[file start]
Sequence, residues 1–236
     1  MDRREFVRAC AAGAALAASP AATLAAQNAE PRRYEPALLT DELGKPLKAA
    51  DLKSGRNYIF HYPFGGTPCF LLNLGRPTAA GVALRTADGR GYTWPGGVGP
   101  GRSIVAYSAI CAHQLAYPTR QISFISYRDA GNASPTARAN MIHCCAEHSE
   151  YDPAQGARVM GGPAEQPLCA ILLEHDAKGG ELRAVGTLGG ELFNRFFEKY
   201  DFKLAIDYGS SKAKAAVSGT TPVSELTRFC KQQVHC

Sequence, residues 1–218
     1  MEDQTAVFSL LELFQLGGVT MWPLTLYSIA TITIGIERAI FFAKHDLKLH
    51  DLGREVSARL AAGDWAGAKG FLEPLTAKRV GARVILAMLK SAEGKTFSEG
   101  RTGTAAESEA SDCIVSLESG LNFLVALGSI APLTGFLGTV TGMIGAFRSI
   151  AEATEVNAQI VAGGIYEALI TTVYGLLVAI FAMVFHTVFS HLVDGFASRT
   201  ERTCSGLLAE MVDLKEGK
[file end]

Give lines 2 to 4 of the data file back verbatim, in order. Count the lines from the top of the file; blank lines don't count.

     1  MDRREFVRAC AAGAALAASP AATLAAQNAE PRRYEPALLT DELGKPLKAA
    51  DLKSGRNYIF HYPFGGTPCF LLNLGRPTAA GVALRTADGR GYTWPGGVGP
   101  GRSIVAYSAI CAHQLAYPTR QISFISYRDA GNASPTARAN MIHCCAEHSE